Yes, it's terribly rude to disappear on someone you have a set date to meet and really bad form to request nudes before doing so as well.
I think you can use this as a learning experience and reminder not to go against what you're comfortable with. Sending nudes too soon adds a level of stress and vulnerability for you that is unnecessary. Use this experience to help you remember to go at your own pace and not give in to pressure to do anything you're not comfortable with.
On the unicorn subject: honestly, yes we do exist, but can't exactly be 'hunted'. I think if done right it's more of hoping to spot a super rare species rather than the outright hunt for a nonexistent mythical creature. You can't bait it, or force it, or try to force a horse to grow a horn, but if you're patient, practical, flexible, and lucky, you might eventually find someone who does happen to fit your "ideal" (while still imperfect, of course). Or you may find that you stumble across something even better that you hadn't considered.
I agree with a lot of what has been said and won't rehash it all but I felt the need to throw my perspective in as well since I have a little personal experience with more than one aspect of your situation so I thought maybe my experience/perspective might be worth sharing.
It is the running joke in our household that I am the unicorn. (Obviously, we use it as an affectionate term rather than a derogatory one and just have fun with it.) However, I think the biggest difference from the unicorn 'definition' is that I wasn't actively/consciously looking for a couple to "join". I was just open to the idea once it was presented to me.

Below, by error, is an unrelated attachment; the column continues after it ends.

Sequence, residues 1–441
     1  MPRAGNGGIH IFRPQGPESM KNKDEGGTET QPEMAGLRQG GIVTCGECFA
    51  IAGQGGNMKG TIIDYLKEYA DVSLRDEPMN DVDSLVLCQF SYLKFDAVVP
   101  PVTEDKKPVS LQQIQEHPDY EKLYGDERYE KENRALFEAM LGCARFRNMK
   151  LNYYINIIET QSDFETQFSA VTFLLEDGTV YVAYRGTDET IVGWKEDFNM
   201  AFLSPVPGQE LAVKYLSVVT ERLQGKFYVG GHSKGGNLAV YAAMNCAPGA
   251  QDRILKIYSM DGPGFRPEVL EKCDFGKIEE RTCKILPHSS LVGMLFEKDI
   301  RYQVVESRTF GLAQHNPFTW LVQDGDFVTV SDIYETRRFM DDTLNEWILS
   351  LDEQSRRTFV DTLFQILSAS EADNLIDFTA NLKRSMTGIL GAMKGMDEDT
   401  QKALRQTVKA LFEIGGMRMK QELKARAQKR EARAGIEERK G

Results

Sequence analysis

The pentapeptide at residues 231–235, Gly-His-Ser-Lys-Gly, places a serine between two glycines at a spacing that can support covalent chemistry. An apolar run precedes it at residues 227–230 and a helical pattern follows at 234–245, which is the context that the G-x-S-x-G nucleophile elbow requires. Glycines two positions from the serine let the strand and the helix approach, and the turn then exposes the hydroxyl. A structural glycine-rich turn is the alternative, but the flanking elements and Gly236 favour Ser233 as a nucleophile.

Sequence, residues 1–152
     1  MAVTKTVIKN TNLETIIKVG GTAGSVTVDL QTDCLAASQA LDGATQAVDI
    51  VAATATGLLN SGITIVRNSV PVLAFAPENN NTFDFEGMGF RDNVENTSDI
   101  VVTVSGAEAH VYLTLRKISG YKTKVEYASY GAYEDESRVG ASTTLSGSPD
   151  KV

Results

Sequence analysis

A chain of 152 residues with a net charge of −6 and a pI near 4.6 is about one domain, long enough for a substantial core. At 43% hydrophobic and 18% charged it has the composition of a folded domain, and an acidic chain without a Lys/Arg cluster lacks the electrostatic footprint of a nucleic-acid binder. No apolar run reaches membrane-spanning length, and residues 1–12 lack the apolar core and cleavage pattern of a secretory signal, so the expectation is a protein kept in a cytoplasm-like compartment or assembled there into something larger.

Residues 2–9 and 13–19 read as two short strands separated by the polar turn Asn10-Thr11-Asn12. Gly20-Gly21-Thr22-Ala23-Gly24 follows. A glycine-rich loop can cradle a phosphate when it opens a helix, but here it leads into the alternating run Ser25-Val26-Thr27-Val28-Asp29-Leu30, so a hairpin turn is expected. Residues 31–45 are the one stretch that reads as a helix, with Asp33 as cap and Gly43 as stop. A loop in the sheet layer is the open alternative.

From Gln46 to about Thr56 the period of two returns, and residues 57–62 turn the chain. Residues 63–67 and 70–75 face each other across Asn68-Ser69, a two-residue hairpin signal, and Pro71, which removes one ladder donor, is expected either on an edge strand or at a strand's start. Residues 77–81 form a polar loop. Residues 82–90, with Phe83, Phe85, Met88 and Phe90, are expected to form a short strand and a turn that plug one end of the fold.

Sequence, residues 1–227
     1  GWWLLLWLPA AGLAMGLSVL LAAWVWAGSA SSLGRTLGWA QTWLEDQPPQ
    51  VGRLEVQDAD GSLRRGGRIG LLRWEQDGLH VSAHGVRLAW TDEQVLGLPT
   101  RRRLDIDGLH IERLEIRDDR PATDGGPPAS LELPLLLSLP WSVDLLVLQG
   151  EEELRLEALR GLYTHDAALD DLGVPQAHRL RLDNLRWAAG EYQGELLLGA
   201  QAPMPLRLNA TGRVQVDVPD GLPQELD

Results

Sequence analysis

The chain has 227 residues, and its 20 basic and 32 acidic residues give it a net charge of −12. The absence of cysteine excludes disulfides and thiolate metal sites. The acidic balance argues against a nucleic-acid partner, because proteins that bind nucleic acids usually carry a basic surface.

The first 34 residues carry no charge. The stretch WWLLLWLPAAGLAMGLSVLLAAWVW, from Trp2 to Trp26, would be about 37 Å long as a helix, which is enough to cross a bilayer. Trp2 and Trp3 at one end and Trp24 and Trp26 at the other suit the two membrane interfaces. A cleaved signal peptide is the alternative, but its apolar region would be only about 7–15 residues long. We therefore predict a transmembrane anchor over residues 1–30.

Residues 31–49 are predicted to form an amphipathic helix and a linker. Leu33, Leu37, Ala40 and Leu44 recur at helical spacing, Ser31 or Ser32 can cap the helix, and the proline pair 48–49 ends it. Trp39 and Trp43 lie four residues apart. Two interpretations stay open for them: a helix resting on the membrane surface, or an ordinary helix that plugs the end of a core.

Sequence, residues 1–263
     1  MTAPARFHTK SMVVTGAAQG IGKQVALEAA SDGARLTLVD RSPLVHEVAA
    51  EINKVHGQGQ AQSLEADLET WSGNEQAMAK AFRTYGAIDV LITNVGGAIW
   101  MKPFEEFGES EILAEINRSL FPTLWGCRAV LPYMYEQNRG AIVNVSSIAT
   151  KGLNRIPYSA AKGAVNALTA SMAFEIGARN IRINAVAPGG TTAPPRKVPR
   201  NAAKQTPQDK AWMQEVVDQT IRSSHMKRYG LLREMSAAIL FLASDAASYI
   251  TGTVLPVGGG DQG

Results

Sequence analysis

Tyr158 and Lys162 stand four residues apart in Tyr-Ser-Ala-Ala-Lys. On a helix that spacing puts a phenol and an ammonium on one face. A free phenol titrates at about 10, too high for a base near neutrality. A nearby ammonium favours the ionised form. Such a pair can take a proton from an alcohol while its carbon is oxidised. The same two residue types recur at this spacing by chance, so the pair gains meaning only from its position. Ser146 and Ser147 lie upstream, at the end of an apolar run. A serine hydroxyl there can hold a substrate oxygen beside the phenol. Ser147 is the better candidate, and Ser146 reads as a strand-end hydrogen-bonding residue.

I had previously dated a couple who were definitely unicorn hunting even though the initially presented it as the female looking for a girlfriend for herself. I met a very nice gal who had a fiance and wanted a girlfriend. We dated briefly but the expectation became quickly apparent that what they ultimately wanted was for me to "join the family", strike up a relationship with the fiance, move in with them and her 3 kids, etc. On some level I was intrigued. It was nice to feel a bit "prized". But it was definitely a lot of pressure knowing that, even though she and I were able to get to know each other and all first, I was still ultimately expected to be with them both. Also, I felt a bit like a possession or trophy and less like a potential equal in the relationship. I felt less appreciated as a person and more as something to fit a role they had already created and were casting for.